As background, the Patient Protection and Affordable Care Act (ACA) Section 1557 provides that individuals shall not be excluded from participation in, denied the benefits of, or be subjected to discrimination under any health program or activity which receives federal financial assistance from the Department of Health and Human Services (HHS), on the basis of race, color, national origin, sex, age, or disability. The current rule applies to any program administered by HHS or any health program or activity administered by an entity established under Title I of the ACA. These applicable entities are “covered entities” and include a broad array of providers, employers, and facilities. On May 13, 2016, the Department of Health and Human Services (HHS) issued a final rule (current rule) implementing Section 1557, which took effect on July 18, 2016.

On October 15, 2019, the U.S. District Court for the Northern District of Texas (District Court) vacated portions of the current rule implementing Section 1557 that prohibit discrimination on the basis of gender identity and pregnancy termination. The District Court remanded the vacated portions of the current rule to HHS for revision. While those portions of the current rule have been vacated, covered entities subject to Section 1557 may still face private lawsuits for discrimination based on gender identity and pregnancy termination.

Employers who are subject to Section 1557 should stay informed on this litigation because it is anticipated that the District Court’s ruling will be appealed to the Fifth Circuit Court of Appeals.

Please see our UBA Advisors “Update on Nondiscrimination Regulations Relating to Sex, Gender, Age, and More” and “Update on Nondiscrimination Regulations Relating to Sex, Gender, Age, and More – for Health Care Providers” for more information.

Court of Appeals Affirms Preliminary Injunction of Contraceptive Coverage Exemptions Final Rule

As background, the Patient Protection and Affordable Care Act (ACA) requires that non-grandfathered group health plans and health insurance issuers offering non-grandfathered group or individual health insurance coverage provide coverage of certain specified preventive services, including contraceptive services, without cost sharing. The Treasury, Department of Labor (DOL), and Department of Health and Human Services (HHS) (collectively, the Departments) released two final rules on November 7, 2018, regarding contraceptive coverage exemptions based on religious beliefs and moral beliefs. These rules finalize the Departments’ interim final rules that were published on October 13, 2017.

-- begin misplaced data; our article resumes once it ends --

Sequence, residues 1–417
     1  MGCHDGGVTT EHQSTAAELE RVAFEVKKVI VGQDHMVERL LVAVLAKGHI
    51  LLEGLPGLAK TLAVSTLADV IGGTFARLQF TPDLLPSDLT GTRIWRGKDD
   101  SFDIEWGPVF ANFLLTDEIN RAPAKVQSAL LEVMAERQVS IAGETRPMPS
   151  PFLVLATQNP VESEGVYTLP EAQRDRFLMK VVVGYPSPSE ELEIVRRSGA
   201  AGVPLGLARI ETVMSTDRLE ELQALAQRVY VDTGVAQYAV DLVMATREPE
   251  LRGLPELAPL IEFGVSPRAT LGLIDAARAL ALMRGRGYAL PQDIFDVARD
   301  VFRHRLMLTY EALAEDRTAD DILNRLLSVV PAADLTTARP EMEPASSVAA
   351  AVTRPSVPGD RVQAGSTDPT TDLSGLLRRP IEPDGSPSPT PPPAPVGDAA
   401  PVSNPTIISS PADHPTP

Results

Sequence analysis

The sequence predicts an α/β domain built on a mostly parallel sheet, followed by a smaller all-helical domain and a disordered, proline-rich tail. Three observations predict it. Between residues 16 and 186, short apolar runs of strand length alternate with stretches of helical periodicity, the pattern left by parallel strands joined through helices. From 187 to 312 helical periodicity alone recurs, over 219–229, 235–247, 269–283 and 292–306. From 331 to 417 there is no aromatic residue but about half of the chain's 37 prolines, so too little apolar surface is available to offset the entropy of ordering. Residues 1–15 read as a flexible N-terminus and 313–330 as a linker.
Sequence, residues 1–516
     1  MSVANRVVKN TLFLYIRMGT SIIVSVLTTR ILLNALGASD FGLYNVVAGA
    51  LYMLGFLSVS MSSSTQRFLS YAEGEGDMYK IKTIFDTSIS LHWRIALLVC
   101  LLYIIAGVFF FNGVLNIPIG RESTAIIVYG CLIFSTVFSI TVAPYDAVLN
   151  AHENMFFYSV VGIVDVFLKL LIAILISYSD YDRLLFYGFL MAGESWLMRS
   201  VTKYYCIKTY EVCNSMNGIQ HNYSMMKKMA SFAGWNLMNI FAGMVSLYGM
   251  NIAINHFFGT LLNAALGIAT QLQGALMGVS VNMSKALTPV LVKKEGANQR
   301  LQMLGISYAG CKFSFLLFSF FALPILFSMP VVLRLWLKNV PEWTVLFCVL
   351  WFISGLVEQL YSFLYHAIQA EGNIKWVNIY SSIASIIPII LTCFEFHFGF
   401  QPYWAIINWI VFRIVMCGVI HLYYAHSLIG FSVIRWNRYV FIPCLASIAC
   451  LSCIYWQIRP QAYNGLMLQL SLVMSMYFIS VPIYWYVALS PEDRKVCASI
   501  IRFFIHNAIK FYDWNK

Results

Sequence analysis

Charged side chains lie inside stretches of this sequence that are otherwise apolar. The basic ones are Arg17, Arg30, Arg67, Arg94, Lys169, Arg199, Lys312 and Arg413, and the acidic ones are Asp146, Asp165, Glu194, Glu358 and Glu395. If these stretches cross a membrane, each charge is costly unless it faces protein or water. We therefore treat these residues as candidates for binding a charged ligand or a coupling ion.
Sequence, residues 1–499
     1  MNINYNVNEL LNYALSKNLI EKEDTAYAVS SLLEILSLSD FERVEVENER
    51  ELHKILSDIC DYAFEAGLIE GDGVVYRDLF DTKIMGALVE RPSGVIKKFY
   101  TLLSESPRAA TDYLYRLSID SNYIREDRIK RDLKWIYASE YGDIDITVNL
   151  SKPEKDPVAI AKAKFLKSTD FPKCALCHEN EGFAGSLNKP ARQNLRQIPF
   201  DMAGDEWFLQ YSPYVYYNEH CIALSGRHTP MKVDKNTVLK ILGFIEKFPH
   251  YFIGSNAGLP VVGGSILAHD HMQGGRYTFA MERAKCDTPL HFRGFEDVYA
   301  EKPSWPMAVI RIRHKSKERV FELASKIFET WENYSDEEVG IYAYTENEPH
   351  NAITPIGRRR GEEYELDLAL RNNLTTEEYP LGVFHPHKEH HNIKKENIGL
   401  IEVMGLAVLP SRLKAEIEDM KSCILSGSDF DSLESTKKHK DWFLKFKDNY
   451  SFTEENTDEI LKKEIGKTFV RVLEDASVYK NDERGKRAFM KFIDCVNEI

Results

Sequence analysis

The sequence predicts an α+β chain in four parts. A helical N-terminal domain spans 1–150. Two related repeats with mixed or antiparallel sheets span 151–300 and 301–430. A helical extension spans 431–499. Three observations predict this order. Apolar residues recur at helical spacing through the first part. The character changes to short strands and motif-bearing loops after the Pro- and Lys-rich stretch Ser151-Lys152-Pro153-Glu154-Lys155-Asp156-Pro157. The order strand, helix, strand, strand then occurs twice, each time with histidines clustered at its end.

On January 13, 2019, the U.S. District Court for the Northern District of California (California Court) granted a preliminary injunction that prohibits the final rules’ implementation and enforcement against California, Connecticut, Delaware, Hawaii, Illinois, Maryland, Minnesota, New York, North Carolina, Rhode Island, Vermont, Washington, Virginia, and the District of Columbia. On October 22, 2019, the U.S. Court of Appeals for the 9th Circuit affirmed the California Court’s preliminary injunction that prohibits the two final rules’ implementation and enforcement against the thirteen plaintiff states and the District of Columbia.

Read more about the status of the final rules.

OCR and ONC Release HHS Security Risk Assessment Tool Version 3.1

The Office for Civil Rights (OCR) and the Office of the National Coordinator for Health Information Technology (ONC) have released version 3.1 of the HHS Security Risk Assessment (SRA) Tool. The tool is designed to help small- to medium-sized health care organizations perform risk assessments regarding potential malware, ransomware, and other cyberattacks.

IRS Updates CP233J Notice Webpage

The Internal Revenue Service (IRS) updated its webpage titled “Understanding Your CP233J Notice.” The CP233J notice notifies employers of changes to the amount of the employer shared responsibility payment due to the IRS. The IRS webpage has general information about the notice including what the notice is, what an employer needs to do when it receives the notice, and answers to common questions.

The Treasury Releases 2019-2020 Priority Guidance Plan

The Treasury released its 2019-2020 Priority Guidance Plan (Priority Guidance Plan) that sets forth guidance priorities for the Treasury and the Internal Revenue Service (IRS) during the twelve-month period from July 1, 2019, through June 30, 2020. The Priority Guidance Plan lists several priorities, including guidance under Section 125 on health flexible spending accounts (HFSAs), guidance on contributions to and benefits from paid family and medical leave programs, and guidance on the Cadillac tax.

Question of the Month

Q: Has the Internal Revenue Service (IRS) released the 2020 health flexible spending account (health FSA) contribution limit (also known as the employee deferral limit) or the 1094 / 1095 reporting forms for 2019?

A: No. The IRS has not released the 2020 health FSA contribution limit and has not released the 1094 / 1095 reporting forms for 2019. The IRS has not indicated when it plans to release either the health FSA contribution limit or the 1094 / 1095 reporting forms. At a recent conference, IRS staff (in their unofficial capacity) said that the 1094 / 1095 reporting forms have been delayed, in part, because the IRS is considering whether to change the forms to reflect the fact that the individual mandate’s penalty is $0 as of 2019.

11/1/2019


IRS Publishes Proposed Rules on Affordability Safe Harbors and Nondiscrimination for ICHRAs

Proposed rules clarifying how employer shared responsibility provisions and Section 105(h) nondiscrimination rules apply to HRAs were recently published by the Internal Revenue Service (IRS). Read this informational blog post from UBA to learn more.